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How Do I Prove That I’m Disabled?

Individuals with a long-term disability may be qualified to receive most of their salary if they cannot work, whether the employer offers long-term disability coverage in the context of a benefits package, or if they’ve acquired their own individual policy. In order to successfully file a claim, you will likely need to overcome several hurdles. One of the most important matters is proving that your health conditions matches the definition of “disability” according to your insurance policy. Additionally, applicants often must consider premiums, waiting periods and a baseline number of hours worked as well. 

Proving your disability can be challenging, but with Bartolic Law at your side, it’s possible. Call our firm to talk with our attorney about your individual circumstances. 

How Can I Prove My Disability?

If you are planning on filing a long-term disability claim, first confirm how “disability” is defined in your insurance policy’s summary plan description. Usually, you will be considered “totally disabled” if an illness or injury significantly prevents your ability to complete work-related duties. You may receive benefits for a “partial disability” as defined by your long-term disability policy if you cannot work at your current job full-time, even if you can physically do so at a different job. If you remain on your employer’s payroll, this may disqualify you from filing a long-term disability claim depending on your policy. 

One of the most important factors in proving a disability is your general physician’s opinion. For your application, your doctor will need to file a form that outlines his or her opinion on your health condition. The claims administrator will also require objective proof demonstrating your disability. Evidence is typically presented as medical records, test results, x-rays and other diagnostic information related to your condition. You can show that your disability is ongoing by receiving treatment while the claim is pending, as failing to do so may prompt the insurance company to reject your case.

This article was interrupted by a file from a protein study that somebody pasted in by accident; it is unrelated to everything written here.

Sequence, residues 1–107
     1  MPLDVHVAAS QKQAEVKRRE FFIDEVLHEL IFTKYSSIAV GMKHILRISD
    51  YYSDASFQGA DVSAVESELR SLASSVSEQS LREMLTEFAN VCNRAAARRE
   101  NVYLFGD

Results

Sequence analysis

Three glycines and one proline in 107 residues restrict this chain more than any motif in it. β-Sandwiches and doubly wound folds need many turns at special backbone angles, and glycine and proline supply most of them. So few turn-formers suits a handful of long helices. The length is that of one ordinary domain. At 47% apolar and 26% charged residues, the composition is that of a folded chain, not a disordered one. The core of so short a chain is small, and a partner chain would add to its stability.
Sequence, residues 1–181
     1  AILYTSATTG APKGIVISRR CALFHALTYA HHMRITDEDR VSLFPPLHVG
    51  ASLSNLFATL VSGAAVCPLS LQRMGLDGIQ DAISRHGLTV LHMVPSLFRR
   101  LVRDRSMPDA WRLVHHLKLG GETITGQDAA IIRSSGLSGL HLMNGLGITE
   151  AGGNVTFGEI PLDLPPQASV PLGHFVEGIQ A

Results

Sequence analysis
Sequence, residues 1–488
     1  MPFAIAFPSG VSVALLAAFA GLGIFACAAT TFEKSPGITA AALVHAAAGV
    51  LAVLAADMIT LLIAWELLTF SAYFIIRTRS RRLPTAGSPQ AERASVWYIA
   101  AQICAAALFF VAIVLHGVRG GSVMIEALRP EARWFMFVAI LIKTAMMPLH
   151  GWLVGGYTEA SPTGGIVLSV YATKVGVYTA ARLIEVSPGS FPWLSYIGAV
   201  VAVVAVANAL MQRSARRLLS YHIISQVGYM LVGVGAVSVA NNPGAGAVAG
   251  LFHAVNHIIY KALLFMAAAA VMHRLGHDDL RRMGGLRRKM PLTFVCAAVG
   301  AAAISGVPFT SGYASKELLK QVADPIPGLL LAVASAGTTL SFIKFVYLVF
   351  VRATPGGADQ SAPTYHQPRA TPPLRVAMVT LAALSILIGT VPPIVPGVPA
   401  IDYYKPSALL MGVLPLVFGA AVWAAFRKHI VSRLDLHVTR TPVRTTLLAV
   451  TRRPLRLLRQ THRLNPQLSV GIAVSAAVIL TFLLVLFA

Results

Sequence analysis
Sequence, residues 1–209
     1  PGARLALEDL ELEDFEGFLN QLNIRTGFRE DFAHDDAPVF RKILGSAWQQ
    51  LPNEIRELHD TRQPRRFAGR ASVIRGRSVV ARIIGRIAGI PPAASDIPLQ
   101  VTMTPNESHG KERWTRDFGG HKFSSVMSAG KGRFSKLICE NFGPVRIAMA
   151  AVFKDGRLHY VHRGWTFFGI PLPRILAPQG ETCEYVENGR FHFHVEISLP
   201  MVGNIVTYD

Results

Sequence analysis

Other Requirements to Receive long-term disability Benefits

There are other requirements that the applicant should be aware of before filing a claim, including: 

  • Full-Time Work. Most long-term disability plans provided by employers require the applicant to be working full-time when the disability occurs. “Full time” is typically considered to be a minimum of 30 to 35 hours of work each week, but this may vary by policy. 
  • Waiting Period. Nearly every long-term disability policy has an “elimination period” that occurs between the time you develop a disability and when you are able to receive benefits. The waiting period typically lasts between three to six months, and you may be required to use all of your sick leave before you can file for short-term disability, which must be exhausted before applying for long-term disability.  
  • Pre-Existing Conditions. It’s common for long-term disability policies to exclude certain pre-existing conditions, which are defined as an illness or injury that was diagnosed or treated before you began to receive long-term disability benefits. If you have a pre-existing condition, you won’t be compensated for any long-term disabilities that are caused by that condition for the first year of coverage. 

Talk to an Attorney About Your Case

If you are seeking long-term disability benefits and aren’t sure what to expect, discuss your options with an ERISA lawyer at Bartolic Law. We are here to assist you with the specifics of your case. Call now for a consultation. 

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